Be it China, Japan, Taiwan, India, Korea or others–tea is a beverage that’s loved by one and all. Here, we’ve listed the 10 most expensive teas across the world that you need to add to your collection. By Akriti Sharma
Tea is an intrinsic part of many cultures around the world and is regarded for its medicinal values. Its history goes back to around 2737 BC when Emperor Shen Nung of China stirred a few leaves in a pot of boiling water and had the first-ever cup of tea.
In today’s time, tea is perceived as a quintessential curative drink in countries such as China, Japan, India, Sri Lanka, Korea, Taiwan and Turkey. If you’re a tea lover, check out our list of the 10 most expensive teas in the world to add to your collection.
Da-Hong Pao Tea, China
Valued around a whopping $1.2 million per kg, Da-Hong Pao is the most expensive tea in the world. Grown in the Wuyi mountains of Fujian province of China, it’s been declared a national treasure for its rarity. During former US President Nixon’s official visit to China, Mao Zedong, founder of the People’s Republic of China, gifted him 200 grams of this tea, symbolising peace and friendship between the two nations.
A type of oolong tea, its history goes back to the Ming dynasty. The name Da-Hong Pao translates to ‘Big Red Robe’ and legend has it that the Chinese emperor of the Ming Dynasty donated his robe to get a jar of this tea to help his ailing mother.
The best Da-Hong Pao tea comes from the mother trees, only six of which exist on Earth. Around 20 grams of the tea from the mother plants were sold for about $30,000 in 2005, making it the highest auction recorded ever.
Panda Dung Tea, China
The cultivation of Panda Dung tea uses Panda bear’s dung as fertiliser. This tea was first cultivated by An Yanshi, an entrepreneur in southwest China, who started using panda dung from nearby breeding centres as organic fertiliser and sold the first batch of this peculiar brew at around $3,500 for 50 grams.
Panda dung, with its high antioxidant content, is believed to have myriad health benefits. Panda Dung tea is sold at approximately $70,000 per kg.
Yellow gold tea buds, Singapore
Luxurious and rare, yellow gold tea buds are harvested once a year using gold shears and are sun-dried. The tea leaves are then sprayed with edible 24-karat gold flakes.
Living up to its name, it has a unique metallic and floral aftertaste and is known for its anti-ageing properties and other health benefits. It is currently sold only in Singapore by the TWG tea company. Known as the tea of the emperors of China, it is priced at around $7,800 per kg.
Silver tips Imperial tea, Darjeeling (India)
Plucked by expert pickers during full moon nights, this is a type of oolong tea harvested at the Makaibari Tea Estate in Darjeeling. The tea comes from special buds, which look like silver needles and have a subtle fruity aroma. Its complex flavours include sharp notes of mango and frangipani. At an auction in 2014, the tea was sold at $1,850 per kg, making it the most expensive tea in India.
Considered one of the highest-grade green teas in Japan, Gyokuro translates to ‘pearl dew’ or ‘jade dew’, and is cultivated in the Uji district. Harvesting this tea requires growing it under the shade of straw mats for four weeks before the best tea leaves are picked. This process helps the plant retain L-theanine, an amino acid that heightens the umami flavours in the tea.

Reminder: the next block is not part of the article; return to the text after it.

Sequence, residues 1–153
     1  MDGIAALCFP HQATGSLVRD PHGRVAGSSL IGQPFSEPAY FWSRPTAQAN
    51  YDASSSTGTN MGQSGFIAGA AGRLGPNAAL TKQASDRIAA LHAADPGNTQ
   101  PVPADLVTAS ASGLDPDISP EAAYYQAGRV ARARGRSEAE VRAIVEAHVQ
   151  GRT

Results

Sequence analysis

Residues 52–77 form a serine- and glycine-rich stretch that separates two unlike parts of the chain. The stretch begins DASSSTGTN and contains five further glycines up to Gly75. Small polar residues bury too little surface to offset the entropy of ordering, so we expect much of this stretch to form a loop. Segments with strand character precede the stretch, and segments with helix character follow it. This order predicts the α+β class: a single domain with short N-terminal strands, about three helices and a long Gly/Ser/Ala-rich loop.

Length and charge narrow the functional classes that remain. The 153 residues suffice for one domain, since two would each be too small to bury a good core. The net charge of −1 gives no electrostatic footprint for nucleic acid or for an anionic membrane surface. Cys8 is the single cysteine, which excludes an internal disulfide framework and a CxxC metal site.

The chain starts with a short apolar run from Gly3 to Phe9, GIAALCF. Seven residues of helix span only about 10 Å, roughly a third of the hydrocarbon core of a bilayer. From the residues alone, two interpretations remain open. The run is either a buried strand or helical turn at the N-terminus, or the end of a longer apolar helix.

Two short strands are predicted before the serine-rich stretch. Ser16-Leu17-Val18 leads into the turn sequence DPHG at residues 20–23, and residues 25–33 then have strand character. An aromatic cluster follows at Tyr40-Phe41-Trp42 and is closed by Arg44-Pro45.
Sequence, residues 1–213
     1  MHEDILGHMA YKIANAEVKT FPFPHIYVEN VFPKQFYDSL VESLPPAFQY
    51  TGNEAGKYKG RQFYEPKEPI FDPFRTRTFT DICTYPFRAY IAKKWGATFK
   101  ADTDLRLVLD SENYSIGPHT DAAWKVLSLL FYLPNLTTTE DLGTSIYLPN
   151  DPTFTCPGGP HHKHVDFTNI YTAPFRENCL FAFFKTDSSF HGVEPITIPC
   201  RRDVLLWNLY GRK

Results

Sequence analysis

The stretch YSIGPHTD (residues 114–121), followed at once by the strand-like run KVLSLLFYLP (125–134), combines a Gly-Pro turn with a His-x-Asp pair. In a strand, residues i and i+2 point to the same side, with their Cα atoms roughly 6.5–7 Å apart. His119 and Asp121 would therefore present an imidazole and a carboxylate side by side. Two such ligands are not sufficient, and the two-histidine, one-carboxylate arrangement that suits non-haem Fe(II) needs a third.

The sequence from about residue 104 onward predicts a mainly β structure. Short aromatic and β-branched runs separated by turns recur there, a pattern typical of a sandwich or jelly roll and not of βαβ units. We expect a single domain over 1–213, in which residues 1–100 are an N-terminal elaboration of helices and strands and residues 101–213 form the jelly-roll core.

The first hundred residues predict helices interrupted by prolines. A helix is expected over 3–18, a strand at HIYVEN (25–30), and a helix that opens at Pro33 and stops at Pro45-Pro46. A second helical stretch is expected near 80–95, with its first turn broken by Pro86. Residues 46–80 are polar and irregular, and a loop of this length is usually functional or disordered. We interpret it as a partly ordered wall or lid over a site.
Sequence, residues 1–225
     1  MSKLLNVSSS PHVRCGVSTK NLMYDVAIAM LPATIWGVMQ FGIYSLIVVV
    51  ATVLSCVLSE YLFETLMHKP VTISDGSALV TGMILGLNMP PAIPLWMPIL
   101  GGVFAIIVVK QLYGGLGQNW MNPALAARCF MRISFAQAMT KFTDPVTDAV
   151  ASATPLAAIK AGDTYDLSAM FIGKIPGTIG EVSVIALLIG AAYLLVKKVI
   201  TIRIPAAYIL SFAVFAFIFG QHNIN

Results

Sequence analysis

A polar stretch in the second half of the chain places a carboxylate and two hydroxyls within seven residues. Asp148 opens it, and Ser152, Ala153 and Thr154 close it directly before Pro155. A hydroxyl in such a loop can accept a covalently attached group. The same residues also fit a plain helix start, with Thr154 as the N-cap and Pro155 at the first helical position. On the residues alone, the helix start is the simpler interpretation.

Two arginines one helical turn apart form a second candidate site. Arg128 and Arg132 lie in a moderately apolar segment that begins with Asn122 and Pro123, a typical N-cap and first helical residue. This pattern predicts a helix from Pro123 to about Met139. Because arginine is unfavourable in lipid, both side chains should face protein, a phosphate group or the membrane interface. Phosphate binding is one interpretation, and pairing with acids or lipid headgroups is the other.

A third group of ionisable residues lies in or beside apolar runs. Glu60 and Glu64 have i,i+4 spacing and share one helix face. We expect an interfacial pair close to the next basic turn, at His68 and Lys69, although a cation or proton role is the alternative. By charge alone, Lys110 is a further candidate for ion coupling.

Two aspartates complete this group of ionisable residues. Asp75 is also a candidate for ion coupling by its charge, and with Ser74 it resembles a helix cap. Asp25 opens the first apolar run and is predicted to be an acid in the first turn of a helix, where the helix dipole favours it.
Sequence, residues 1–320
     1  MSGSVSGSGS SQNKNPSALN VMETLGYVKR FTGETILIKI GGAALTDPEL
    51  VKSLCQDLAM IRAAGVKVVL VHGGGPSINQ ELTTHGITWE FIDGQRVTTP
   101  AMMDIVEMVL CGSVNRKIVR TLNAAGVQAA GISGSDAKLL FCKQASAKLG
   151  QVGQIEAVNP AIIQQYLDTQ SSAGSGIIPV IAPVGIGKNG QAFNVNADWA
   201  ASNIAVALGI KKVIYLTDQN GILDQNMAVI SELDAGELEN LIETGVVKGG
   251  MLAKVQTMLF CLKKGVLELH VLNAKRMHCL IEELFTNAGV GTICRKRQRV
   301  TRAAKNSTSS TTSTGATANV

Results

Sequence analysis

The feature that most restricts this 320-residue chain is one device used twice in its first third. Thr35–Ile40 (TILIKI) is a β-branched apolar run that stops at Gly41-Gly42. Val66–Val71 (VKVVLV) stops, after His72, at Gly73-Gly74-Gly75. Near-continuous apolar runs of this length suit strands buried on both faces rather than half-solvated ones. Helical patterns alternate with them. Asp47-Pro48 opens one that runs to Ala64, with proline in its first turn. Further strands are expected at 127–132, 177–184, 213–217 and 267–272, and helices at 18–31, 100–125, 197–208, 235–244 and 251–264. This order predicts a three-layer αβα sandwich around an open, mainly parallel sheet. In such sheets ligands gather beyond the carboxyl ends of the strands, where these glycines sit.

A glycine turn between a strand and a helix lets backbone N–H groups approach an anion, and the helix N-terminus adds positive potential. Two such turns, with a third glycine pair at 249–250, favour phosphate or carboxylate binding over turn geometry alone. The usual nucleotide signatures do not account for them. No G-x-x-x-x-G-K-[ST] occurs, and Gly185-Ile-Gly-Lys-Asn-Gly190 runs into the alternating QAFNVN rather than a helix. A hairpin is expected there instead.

Gyokuro tea was first discovered by Kahei Yamamoto VI in 1835 and costs approximately $650 per kg.
Pu’erh Tea, China
Invented in the 18th Century, Pu’erh tea is considered to be the oldest, most refined and among the most expensive teas. The tea is usually sold in the form of tea cakes that can be brewed. This tea is known to aid in weight loss, cholesterol reduction and better gut health.
This tea, sold at approximately $10,000 per kilogram, is grown mostly in the Yunnan province in Southwest China, with some trees being thousands of years old. The microbial fermentation process is used to ferment the leaves. Legend has it that many wars were fought because of this tea in China’s history.
Tieguanyin Tea, China
One of the most highly regarded teas in the world, Tieguanyin tea is a type of oolong tea named in honour of the Buddhist deity Guan Yin, also known as the iron goddess of mercy.
The tea has a nutty flavour and floral aroma. It is grown in the highest regions of the Fujian province and leaves are sun-dried till crisp and bright golden. The price of this tea keeps increasing because of its rarity but is usually priced at about $3,000 per kg.
Vintage Narcissus Wuyi Oolong tea, China
Named after the Greek legend Narcissus, this rare oolong tea is grown and harvested on the Wuyi mountains of Fujian province of China and the PingLin tea area in Taiwan.
The tea has an exquisite woody and chocolatey flavour with subtle hints of floral and fruity notes. It has an intense aroma and costs around $6,500 per kg. The tea ages like fine wine and is fired once every two years to dry out moisture and improve its taste.
Gao Shan Tea, Taiwan
Also known as High Mountain tea, Gao Shan tea is grown at altitudes higher than 1,000 metres in the tea gardens of Taiwan. The high humidity, altitude, thin air and elaborate fermentation process yield these full-flavoured and high-fragrance teas that are sold at up to $250 per kg.
Tienchi Flower Tea, China
This prized tea is among the most expensive teas in the market. It is popular owing to its healing properties and distinct flavour profile. The tea is cultivated from Panax Notoginseng flowers that grow in the Yunnan Province of China, once in three years.
Tienchi flower tea has a sweet and minty flavour with a ginseng-like aroma after it’s brewed. Regular consumption of the tea is believed to help with insomnia, boost oxygen levels, fight inflammation and eliminate toxins from the body. It is priced at around $170 per kg.